Setting S.M.A.R.T.E.R. Fitness Goals

Steve Flanders

Steve Flanders

“If you always put limit on everything you do, it will spread into your work and into your life. There are no limits. There are only plateaus, and you must not stay there, you must go beyond them.” ― Bruce Lee

Goals are a great tool to use to ensure you prioritize fitness. Goals help direct your fitness, are a way to hold you accountable, and can help keep you motivated. If you are looking to get fit, I would encourage you to take a step back and think about your fitness goals. It is important to note that not all goals are created equal. In this post, I would like to discuss how to set S.M.A.R.T.E.R. fitness goals that will really benefit you and your fitness.
demolish-goals

Tips for Setting Goals

“If it doesn’t challenge you, it won’t change you.” ― Fred Devito

When thinking about fitness goals, the five Ws and one H should be answered:

  • Who is the goal for?
  • What is the goal?
  • When will the goal be completed?
  • Where will the goal be done?
  • Why is this a goal?
  • How will the goal be achieved?

While researching this post, I came across the S.M.A.R.T. goal model, which was very similar to the points I wanted to discuss. The acronym is defined as:

  • Specific (What and Where): target a specific area for improvement with as much detail as possible and no ambiguous language.
  • Measurable (How): quantify or at least suggest an indicator of progress.
  • Assignable (Who): determine who is targeting and thus owns the goal.
  • Realistic (How): ensure goals are challenging yet attainable within the given timeframe.
  • Time-Based (When): set a timeframe that is aggressive yet realistic.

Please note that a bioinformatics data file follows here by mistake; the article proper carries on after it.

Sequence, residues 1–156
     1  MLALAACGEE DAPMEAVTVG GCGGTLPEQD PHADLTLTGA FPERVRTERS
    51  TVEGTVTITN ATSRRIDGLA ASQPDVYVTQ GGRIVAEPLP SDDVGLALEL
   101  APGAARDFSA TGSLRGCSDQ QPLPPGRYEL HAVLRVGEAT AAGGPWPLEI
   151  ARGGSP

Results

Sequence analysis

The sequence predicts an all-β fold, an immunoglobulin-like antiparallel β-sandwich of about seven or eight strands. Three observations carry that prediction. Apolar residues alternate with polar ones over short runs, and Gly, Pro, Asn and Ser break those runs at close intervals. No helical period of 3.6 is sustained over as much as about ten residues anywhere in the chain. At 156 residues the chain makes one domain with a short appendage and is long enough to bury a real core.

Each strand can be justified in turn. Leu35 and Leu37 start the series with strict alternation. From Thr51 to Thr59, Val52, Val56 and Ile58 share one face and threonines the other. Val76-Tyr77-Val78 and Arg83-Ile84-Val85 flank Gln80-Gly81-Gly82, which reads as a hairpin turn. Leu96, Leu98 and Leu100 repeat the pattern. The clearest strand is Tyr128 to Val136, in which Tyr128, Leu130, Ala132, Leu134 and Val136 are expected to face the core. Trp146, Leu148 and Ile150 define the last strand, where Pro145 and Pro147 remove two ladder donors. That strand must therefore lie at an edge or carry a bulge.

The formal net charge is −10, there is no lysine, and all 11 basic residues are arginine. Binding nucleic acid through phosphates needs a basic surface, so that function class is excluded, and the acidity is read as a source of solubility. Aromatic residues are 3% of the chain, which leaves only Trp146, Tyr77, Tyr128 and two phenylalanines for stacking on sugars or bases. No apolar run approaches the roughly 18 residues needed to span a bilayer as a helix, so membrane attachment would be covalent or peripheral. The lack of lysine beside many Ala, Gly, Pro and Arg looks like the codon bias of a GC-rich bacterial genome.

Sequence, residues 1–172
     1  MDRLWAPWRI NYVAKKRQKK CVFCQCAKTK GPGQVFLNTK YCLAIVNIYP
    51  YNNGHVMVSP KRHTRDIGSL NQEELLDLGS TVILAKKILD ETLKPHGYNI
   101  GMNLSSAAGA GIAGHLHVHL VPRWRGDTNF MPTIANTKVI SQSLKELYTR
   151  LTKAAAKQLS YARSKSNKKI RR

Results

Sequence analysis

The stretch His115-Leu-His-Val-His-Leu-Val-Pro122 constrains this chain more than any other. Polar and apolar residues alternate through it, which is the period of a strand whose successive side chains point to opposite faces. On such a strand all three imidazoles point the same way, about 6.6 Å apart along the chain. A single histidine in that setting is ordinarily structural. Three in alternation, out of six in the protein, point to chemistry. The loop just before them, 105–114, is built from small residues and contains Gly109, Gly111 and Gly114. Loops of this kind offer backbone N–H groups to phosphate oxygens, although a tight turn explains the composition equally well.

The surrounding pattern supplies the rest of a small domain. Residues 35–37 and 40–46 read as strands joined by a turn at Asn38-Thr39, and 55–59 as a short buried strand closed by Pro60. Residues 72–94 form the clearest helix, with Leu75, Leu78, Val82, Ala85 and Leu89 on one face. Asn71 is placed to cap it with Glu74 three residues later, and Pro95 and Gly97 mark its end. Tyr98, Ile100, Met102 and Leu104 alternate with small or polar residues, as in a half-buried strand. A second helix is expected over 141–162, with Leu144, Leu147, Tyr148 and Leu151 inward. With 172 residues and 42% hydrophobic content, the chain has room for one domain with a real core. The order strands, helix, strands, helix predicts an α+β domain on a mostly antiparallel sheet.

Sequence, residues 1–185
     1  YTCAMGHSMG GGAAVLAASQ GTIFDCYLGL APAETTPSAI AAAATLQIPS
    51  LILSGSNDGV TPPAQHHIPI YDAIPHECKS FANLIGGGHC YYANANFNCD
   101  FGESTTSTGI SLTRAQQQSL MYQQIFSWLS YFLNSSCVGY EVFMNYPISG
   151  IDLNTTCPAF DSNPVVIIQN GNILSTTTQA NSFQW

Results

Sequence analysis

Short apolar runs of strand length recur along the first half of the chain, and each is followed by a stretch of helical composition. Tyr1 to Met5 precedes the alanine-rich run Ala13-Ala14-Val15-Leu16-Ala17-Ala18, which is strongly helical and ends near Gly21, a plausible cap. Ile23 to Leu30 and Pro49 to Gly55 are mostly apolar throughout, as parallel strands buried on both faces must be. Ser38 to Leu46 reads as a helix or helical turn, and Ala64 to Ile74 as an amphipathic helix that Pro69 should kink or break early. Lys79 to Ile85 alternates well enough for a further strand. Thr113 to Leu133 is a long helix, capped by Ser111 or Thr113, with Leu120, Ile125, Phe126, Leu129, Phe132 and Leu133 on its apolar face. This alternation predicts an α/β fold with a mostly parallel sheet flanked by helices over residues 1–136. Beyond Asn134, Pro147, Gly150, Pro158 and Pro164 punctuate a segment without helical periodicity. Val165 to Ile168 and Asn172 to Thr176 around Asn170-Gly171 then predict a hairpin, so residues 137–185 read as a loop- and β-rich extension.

S.M.A.R.T. is a goal-setting model used to ensure that you reach your goal. I believe S.M.A.R.T. can be built upon by extending it to motivate you. To do this, I propose adding two letters to the acronym:

  • Specific (What and Where): target a specific area for improvement with as much detail as possible and no ambiguous language.
  • Measurable (How): quantify or at least suggest an indicator of progress.
  • Assignable (Who): determine who is targeting and thus owns the goal.
  • Realistic (How): ensure goals are challenging yet safe and attainable within the given timeframe.
  • Time-Based (When): set a timeframe that is aggressive yet realistic.
  • Empowering (Why): when you achieve the goal, you should feel accomplished and motivated to continue making progress
  • Recognized (How): others should know your goals, others should hold you accountable for your goals, and others should help support your goals

With the S.M.A.R.T.E.R. acronym, not only are you setting good fitness goals, you have a better chance of reaching your fitness goals and will have more motivation to continue setting new fitness goals.